Mansun - Six
(Parlophone - 1998)
By: Brett Spaceman
Think of the most pretentious, overblown and ambitious record in your collection. If it is Mansun’s ‘Six’ you’re probably in the minority (and please tell us what you think of this little re-appraisal). If, however, that warped opus passed you by you’d easily be forgiven, as there are plenty of extenuating circumstances. For instance unlike Little Britain, Tom Baker isn’t the funniest thing included here. (Six contains a monologue from televisions best loved Dr Who) Even more bizarrely you’ll find ballet, harpsichord, opera and kitchen sink thrown into this record. You just have to play it to believe it.
You just have to play it to disbelieve it.
Signed to Parlophone, Mansun were pretty hot property in the mid-90’s. There was something dark and kinky about the Chester band but also very human and loveable. Their debut album Attack Of The Grey Lantern was a UK number 1 spawning a number of hit singles, most famously Wide Open Space. If Six hadn’t happened, it’s fair to say Attack Of The Grey Lantern would have made it into the [sic] classic revisited section itself. Provocative but accessible, Attack Of The Grey Lantern is a fine body of work that easily stands up to retrospective critique. But Six did happen.
Where do we start?
The cover artwork signaled intent. Part Avengers, part Marillion, its lavish sleeve painting is adorned with all manner of tiny clues – Pooh bear, The Prisoner, (number six of course) Dr Who…The whole 24 panel inlay looked deranged, expensive and oh so very beautiful. I could say the same about the music.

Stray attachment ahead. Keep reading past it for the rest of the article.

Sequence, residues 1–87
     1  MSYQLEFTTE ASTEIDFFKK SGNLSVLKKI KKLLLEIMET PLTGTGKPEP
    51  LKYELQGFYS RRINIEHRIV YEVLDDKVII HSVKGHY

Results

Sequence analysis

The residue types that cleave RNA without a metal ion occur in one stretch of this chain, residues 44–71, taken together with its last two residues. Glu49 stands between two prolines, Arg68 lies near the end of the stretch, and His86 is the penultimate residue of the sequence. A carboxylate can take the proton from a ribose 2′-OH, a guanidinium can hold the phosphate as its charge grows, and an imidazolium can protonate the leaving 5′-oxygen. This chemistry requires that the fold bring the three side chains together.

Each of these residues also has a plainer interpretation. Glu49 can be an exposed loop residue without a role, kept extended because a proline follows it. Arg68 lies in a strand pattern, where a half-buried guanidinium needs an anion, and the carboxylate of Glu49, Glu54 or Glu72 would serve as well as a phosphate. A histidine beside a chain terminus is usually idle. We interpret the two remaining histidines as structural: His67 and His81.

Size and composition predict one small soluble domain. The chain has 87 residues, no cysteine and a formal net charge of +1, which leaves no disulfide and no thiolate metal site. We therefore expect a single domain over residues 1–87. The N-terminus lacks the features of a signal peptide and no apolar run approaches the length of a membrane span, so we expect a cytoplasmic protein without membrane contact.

Six is a progressive album. Typical ‘verse/chorus,’ pop song structure is eschewed for the most part in favour of shifting segments, segues and interludes. It’s a challenging listen certainly but we’re not talking Trout Mask Replica II here. With a little patience you can unlock Six and find plenty of thrilling, tuneful alt-rock. I cannot make “must have” exclamations about Six. It isn’t for everyone (What is?) But contrary to the reviews when it was released Six is neither ‘Genius’ nor ‘unlistenable’. Six is both. Six is the exact opposite and Six is all points in-between. Absurd, poetic…. I’m guessing Parlophone indulged the band hoping that they would repeat the success of Radiohead thus cementing the British music scene’s return to prog rock dominance not seen since the days of King Crimson, Yes and Floyd.
“Tax on cigarettes, treats my cancer
These things elevate me above animals
I feel like being a girl”
I sometimes wonder whether Mansun lost their minds during the process of making Six? They were oft compared with Radiohead (who were fans) and we can draw parallels with The Beatles and Beach Boys acid-fueled bouts of one-upmanship in the mid-60’s. (Pet Sounds was the repost to Revolver. Sgt Pepper came next and Smile was supposed to top the lot but instead it drove Wilson space happy, so much so that he had to go lie in a darkened room for thirty years.) Six was always touted to be Mansuns’ OK Computer but whereas Yorke had honed his pre-Millennium tension, Paul Draper seemed to be undergoing a genuine crisis of confidence, as though the weight of the artistic world bore heavily on his shoulders.
“And you see, I kind of shivered to conformity
Did you see, the way I cowered to authority”
Lyrically Six was a million miles away from Attack Of The Grey Lanterns’ impish sense of fun. Then again, knowing Mansun it could have been a ruse. This is the band that once threw £25,000 into the air in the City of London, purely for effect. (Taxloss video) The weirdest thing is this – although it felt at the time as though Six had buried Mansuns’ career the history books record it as a Gold disc.
Six recently celebrated its 10th Anniversary. Paul Draper marked the occasion in his blog and took time to speak to [sic] Magazine. (Links below)